by James Bama
Although Lloyd Chavez is a Mountain Ute, he poses here with traditional Shoshone Indian accoutrements. Artist James Bama found him to be a particularly striking model and painted him four times over the years, here with a sparrow hawk tied in his hair, a seashell necklace draped across his neck and a deerskin quiver slung across his back.
The animal hide stretched behind Chavez is covered in paintings depicting Indian dances, a buffalo hunt and a captured American flag. In the absence of a written language, such paintings recorded events in the life of an individual or family. Sometimes the paintings were done in calendar style, visually recounting the highlights of each passing year. The paintings often decorated a warrior’s tepee, so that all who passed could recognize the great deeds of the warrior within.
Greenwich Workshop Fine Art Anniversary Giclée
Edition not to exceed 100 s/n.
20"w x 20"h.
White Water Passage
by Howard Terpning
“When the American West was truly wild country,” says artist Howard Terpning, “sometimes traveling on horseback was very difficult, if not impossible. Dense forests, and fallen timbers often required riders to dismount and lead their horses through a passage that under normal conditions wouldn’t even be considered. In this case, these Crow warriors have found the forest so dense that passing through on horseback was out of the question, so their line of least resistance was forging ahead through icy cold water and slippery boulders.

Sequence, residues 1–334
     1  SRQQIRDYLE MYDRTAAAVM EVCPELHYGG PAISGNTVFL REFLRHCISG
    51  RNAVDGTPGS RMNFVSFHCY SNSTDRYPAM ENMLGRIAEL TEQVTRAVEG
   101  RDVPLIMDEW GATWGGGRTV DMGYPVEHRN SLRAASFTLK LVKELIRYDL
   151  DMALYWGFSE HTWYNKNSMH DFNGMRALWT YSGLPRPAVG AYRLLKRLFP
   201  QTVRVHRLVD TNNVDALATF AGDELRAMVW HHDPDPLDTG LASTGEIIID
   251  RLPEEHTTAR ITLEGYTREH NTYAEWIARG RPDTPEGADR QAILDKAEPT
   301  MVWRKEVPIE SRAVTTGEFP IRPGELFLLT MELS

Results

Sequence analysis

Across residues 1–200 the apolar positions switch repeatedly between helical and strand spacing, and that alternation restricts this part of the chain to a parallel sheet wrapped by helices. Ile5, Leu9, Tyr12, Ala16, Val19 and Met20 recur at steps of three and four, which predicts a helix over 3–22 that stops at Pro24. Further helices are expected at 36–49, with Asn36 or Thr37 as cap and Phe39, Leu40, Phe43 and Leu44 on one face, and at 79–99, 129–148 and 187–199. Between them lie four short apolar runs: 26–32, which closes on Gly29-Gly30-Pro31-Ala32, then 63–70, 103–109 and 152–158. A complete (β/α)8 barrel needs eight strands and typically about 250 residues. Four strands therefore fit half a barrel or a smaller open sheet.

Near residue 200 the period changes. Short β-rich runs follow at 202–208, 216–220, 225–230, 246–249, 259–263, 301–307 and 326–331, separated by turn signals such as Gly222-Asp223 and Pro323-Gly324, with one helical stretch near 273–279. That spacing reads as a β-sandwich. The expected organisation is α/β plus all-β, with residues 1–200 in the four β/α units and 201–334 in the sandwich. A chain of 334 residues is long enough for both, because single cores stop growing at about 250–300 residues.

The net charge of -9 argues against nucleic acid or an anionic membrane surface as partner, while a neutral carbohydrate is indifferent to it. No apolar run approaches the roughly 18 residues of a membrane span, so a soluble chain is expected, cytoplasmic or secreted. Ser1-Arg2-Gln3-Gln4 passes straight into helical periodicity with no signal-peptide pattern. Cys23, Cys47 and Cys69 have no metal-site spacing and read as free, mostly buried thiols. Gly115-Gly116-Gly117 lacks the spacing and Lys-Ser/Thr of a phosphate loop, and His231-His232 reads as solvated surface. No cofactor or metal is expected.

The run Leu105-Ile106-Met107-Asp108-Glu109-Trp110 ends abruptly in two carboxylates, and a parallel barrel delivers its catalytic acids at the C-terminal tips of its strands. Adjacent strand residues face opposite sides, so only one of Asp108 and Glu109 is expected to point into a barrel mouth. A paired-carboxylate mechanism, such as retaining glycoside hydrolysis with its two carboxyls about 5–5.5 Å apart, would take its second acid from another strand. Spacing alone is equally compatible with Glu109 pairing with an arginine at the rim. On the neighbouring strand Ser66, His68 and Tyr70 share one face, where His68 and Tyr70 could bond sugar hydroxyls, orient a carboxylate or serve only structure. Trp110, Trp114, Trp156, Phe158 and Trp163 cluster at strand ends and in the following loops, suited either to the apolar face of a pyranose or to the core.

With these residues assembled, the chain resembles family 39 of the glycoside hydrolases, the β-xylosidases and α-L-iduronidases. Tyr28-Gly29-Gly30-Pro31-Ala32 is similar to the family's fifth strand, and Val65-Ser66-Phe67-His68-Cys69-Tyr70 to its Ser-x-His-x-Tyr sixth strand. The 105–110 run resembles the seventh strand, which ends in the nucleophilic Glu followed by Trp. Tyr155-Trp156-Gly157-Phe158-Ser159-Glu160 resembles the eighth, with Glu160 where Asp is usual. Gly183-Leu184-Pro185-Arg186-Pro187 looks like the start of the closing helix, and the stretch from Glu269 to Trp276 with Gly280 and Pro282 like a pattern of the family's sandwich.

“I enjoy painting water for a great many reasons, particularly white water. As an artistic device it creates
drama and tension and draws the viewer’s eye through the scene. I wanted to express the motion of these
travelers and the dangers they faced. Capable, resilient and experienced though these men might have been,
the great force of the rushing waters posed quite a threat to them and their laden horses as they crossed.”
Greenwich Workshop Fine Art Giclée Canvas:
limited to 275 s/n.
34"w x 40"h (unstretched).